PITTSBURGH -- Steve Blass has been playing golf for a long time, since before he became a World Series-winning pitcher for the Pirates. In all that time, Blass had recorded just one hole in one at a course in Florida that no longer exists.
Until that day in 2009 at a Pirates alumni golf outing, that is.
Blass had two holes in one in the same round -- 11 holes apart -- at Greensburg Country Club, a feat so uncommon that Golf Digest lists the odds of that happening as 67,000-to-1.
Louis Oosthuizen's double eagle at the Masters -- one of the rarest occurrences in golf -- is considered to have odds of a million-to-1.
"When I was driving home, I was still so numb, still shaking," Blass said. "It was like after the World Series -- I was too thrilled to get drunk."
He is not alone.
Alonzo Shavers, a former college football player at Ohio State, had been playing golf for 14 years without a hole in one. Then, in one afternoon, he made two -- only four holes apart -- at Treesdale Golf & Country Club.
Shavers, a sports agent based in Columbus, Ohio, was playing in Tony Dorsett's annual charity tournament when he performed the rare feat. He won a car for the first one, a golf trip for the second.
"It could have been a plaque, it wouldn't have mattered to me," Shavers said. "I sat in the cart and I didn't say anything. I just sat there thinking, 'Did that just happen?' "
Consider the story of the late Phyllis Semple, mother of decorated amateur Carol Semple Thompson of Sewickley and winner of several women's club championships at Allegheny Country Club.
She had four aces in her lifetime, none since 1967, when she had two in the same round on an 18-hole par-3 course in Delray Beach, Fla., in 2007. After going 40 years without one, Semple had two in four holes.
She was 85 at the time.
There's no formula
Why does it happen?
Why do some golfers who are so impassioned to play never record a hole in one? And why do others suddenly get two in one day?
Why do some weekend hackers get a hole in one and some PGA Tour players have none?
"It's luck," said PGA Tour rookie Bud Cauley, who is 22 but already has six holes in one, three in competition. "You have to hit a good shot, but it's a lot of luck, too."
For most players, there is no greater claim to fame than recording a hole in one. And, if players are lucky to have one, they never forget the moment.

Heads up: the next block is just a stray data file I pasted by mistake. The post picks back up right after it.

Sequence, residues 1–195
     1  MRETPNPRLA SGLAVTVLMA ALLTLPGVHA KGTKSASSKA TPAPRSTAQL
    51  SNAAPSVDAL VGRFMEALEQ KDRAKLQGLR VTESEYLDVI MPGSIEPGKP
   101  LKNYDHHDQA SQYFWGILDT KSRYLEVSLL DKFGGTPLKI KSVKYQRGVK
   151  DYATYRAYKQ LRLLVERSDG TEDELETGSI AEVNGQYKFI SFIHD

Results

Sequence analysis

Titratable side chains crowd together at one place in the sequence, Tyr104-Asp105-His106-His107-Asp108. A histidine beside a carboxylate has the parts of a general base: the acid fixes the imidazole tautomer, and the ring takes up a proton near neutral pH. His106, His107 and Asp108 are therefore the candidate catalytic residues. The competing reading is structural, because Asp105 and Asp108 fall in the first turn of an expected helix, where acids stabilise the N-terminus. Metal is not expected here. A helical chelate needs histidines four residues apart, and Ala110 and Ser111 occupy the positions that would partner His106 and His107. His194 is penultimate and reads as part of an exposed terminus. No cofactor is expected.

Some golfers can't tell you the age of their children or where they vacationed last. But, ask them if they ever had a hole in one, and they can recite the course, hole, year, club and yardage without hesitation. Some obituaries list holes in one as one of the deceased's lifetime achievements.
It has been a longtime joke that no employee wants to have a hole in one on the day he told his boss he was going to a funeral.
Of course, professional players are more likely to record a hole in one than amateur players or casual weekend golfers. They are more skilled, more apt to hit the ball at the hole and play countless rounds of golf.
According to usholeinone.com, which insures hole-in-one contests, the odds of getting an ace on a par-3 are 12,500-to-1 for an amateur, 7,500-to-1 for a pro.
But, then, how do you explain local PGA professional Sean Parees having only one hole in one in 44 years of playing and 8-handicap Mo Phanse of Pittsburgh having four aces in 24 years? Or Robert Morris assistant coach Ed Pockl Jr. having one ace in 57 years and Jordan Quinn of Steubenville, Ohio, having two in just eight years of playing?
Luck or skill?
"I think it's a little of both," Parees said. "The skill gives you more opportunity because you're going to hit more close to the hole. And there's a little bit of luck for it to actually go in."
Don't forget the pros -- great players have recorded great numbers of aces.
Jack Nicklaus, maybe the greatest golfer of all, has 20 holes in one, though he hasn't had one in the past nine years.
Gary Player has 19. Arnold Palmer and Tiger Woods each have 18, though Woods (36) is less than half Palmer's age (82).
Despite the talent and number of shots on the pro tours, it's not as though holes in one are an everyday commodity.
There were 23 holes in one of the PGA Tour last year compared to 39 in 2010. The Nationwide Tour had 21 aces in '11, 25 the year before. And the Champions Tour had five each in '10 and '11.
There are some outrageous claims of the number of holes in one, too. The North Korean Ministry of Information claims that dictator Kim Jong Il had 11 holes in one -- in his first round.
Compare that to the U.S. presidency, where only three -- Dwight Eisenhower, Richard Nixon and Gerald Ford -- have recorded a hole in one.
Finally there is 1959 Masters champion Art Wall, who had 45 holes in one, including casual rounds, during his PGA Tour playing career.
That's a lot of lucky bounces.